Thursday, July 7, 2011

Gardening Thursday - Pruning My Azaleas

It’s been several years since I pruned my azaleas and like many of our other shrubs they were way out of control. Unlike the “be ruthless” advice I gave for the earlier shrubs I pruned, azaleas must be treated with more care, as with all evergreens, so enough greenery remains to support the plant. In general no more than 30% should be removed at any one time and for azaleas, it should be done shortly after the blooms fade so as not to cut off next year’s blooms, which are put on in mid-summer. Here is the first one prior to beginning.

Since I prefer azaleas to have a nature growth habit rather than look like a blooming boxwood, I prune each branch with hand shears. I use proper pruning technique which means remove entire branches back to a main branch or shorten a branch back to a healthy node. If you look at an azalea it will generally have one or two long branches coming from the last node and other shorter branches from the same node. I just cut off the longer ones within ¼” of the node and leave the smaller ones or in a few cases I go back to the second node.  This is the first and second node on this one.

I cut it at the second node since it was sticking up so far.

Here you can see the two larger ones on the left and smaller ones on the right.

I also removed all of the dead branches back to a main stem as they can eventually kill the plant. There was a big dead limb in the middle and I cut back hard on some of those lying on the ground. This is the after shot including the debris pile.

Next year I’ll work on it again to get it in good shape for a couple of years. Here’s the ones in front of the house that are covering the Japanese maple, a juniper, and the azaleas behind them. My goal is to have them look like individual plants touching each other, rather than an azalea mass, but it will take me two years.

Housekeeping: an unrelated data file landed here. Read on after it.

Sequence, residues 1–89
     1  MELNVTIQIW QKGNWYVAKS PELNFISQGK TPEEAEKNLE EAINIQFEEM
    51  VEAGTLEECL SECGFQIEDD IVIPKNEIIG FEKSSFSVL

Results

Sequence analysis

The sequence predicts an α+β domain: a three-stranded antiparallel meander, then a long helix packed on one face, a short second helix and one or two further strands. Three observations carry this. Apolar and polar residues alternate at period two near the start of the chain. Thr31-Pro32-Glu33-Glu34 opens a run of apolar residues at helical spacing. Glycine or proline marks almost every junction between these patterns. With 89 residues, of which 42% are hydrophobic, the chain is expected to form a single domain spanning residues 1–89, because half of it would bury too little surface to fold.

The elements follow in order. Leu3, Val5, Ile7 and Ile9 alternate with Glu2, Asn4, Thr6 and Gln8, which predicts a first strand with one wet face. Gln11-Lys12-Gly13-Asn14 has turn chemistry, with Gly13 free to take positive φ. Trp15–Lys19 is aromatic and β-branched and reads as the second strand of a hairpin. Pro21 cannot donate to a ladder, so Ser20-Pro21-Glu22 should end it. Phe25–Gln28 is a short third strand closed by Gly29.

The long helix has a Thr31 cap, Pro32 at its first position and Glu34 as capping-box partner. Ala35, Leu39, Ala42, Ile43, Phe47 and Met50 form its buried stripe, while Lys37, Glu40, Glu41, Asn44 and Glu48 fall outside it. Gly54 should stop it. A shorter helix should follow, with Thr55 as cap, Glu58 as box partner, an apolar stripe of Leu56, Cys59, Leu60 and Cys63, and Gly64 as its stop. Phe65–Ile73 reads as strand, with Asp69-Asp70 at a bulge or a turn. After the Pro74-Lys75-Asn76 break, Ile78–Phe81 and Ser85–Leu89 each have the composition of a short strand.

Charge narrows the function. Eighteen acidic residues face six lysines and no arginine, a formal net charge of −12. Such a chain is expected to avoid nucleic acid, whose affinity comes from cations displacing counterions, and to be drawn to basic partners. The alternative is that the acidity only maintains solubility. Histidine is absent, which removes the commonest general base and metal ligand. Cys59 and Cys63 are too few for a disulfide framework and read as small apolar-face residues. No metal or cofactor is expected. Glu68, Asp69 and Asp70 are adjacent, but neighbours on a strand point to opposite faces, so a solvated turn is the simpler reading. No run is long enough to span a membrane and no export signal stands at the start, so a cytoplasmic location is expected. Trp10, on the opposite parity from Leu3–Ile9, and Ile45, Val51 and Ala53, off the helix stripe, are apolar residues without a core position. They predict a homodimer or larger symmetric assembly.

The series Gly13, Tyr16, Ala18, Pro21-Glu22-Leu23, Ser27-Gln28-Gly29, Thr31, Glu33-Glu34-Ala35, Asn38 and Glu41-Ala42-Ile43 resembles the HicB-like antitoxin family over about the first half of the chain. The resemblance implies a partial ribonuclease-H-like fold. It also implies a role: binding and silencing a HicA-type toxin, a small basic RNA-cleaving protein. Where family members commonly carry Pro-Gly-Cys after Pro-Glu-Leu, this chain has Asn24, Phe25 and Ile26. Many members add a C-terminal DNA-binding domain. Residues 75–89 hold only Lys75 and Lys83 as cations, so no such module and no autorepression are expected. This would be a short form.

These were not as old and out of control so I just cut back the wild limbs - did a little work on the Redbud as well.

If you plan to prune trees or shrubs and you are unsure of proper pruning techniques, just do a search on those three words and many good how-to sites will pop up. Knowing where, when, and how to cut will help keep your plants healthy and looking good, but doing it wrong can severely damage or kill the plant.  Also pruning regularly will prevent what I'm having to do with some of mine because I let them go too long.

All photos can be enlarged by clicking on them.

Have a great day and thanks for stopping by Almost Heaven South.

One year ago:  Grilled Chicken Ala Chris



  1. That azalia trimming looks like tricky business. I don't think they'll grow in Colorado.

  2. It looks like you have the process down to a science, Larry. Your property is beautiful and benefits from your knowledge and green thumb. I hope you have a great day. Blessings...Mary

  3. I love learning more about gardening from you Larry! I just pruned my azaleas on Monday (our boat was in the shop on the 4th, so we gardened in the morning when it when it was cooler). I just trim off the long ones that are so obviously fart too long and sticking out. Like you, I prefer the natural look on azaleas. Have you fed your azaleas yet? What do you feed them? Thanks for your advice!

  4. Interesting about the Azaleas, Larry, since I pruned ours in the back a couple of years ago --and did a horrible job (since they have never some back very good). The front ones are fine after pruning --so I'm not sure what I did wrong. The ones in back just don't look healthy --so I'm tempted to pull them all up (there are 3-4 of them) and replace them with Rhodies--which seem to do well back there...

    Thanks for the excellent info.

  5. I have just one itty bitty azalea, and it didn't even turn green last year. So I was stunned when it turned green and then bloomed this year. Oddly, it's never gotten much bigger than when we put it in, so a trim has yet to be in order.

  6. Great advice Larry and I'm saving this if and when our azaleas grow.

    Presently Bambi and his friends prune ours for free. A shame too because I love azaleas. Now the leaves are tasty appetizers for the deer. We had a lot of azaleas in Mississippi and never quite knew when to prune. Now I know.

  7. So when does one prune prune trees? (ha ha, j/k)

    I like azaleas because they are so gorgeous when their blooms explode but I always thought they were demanding little shrubs so we don't have any here.


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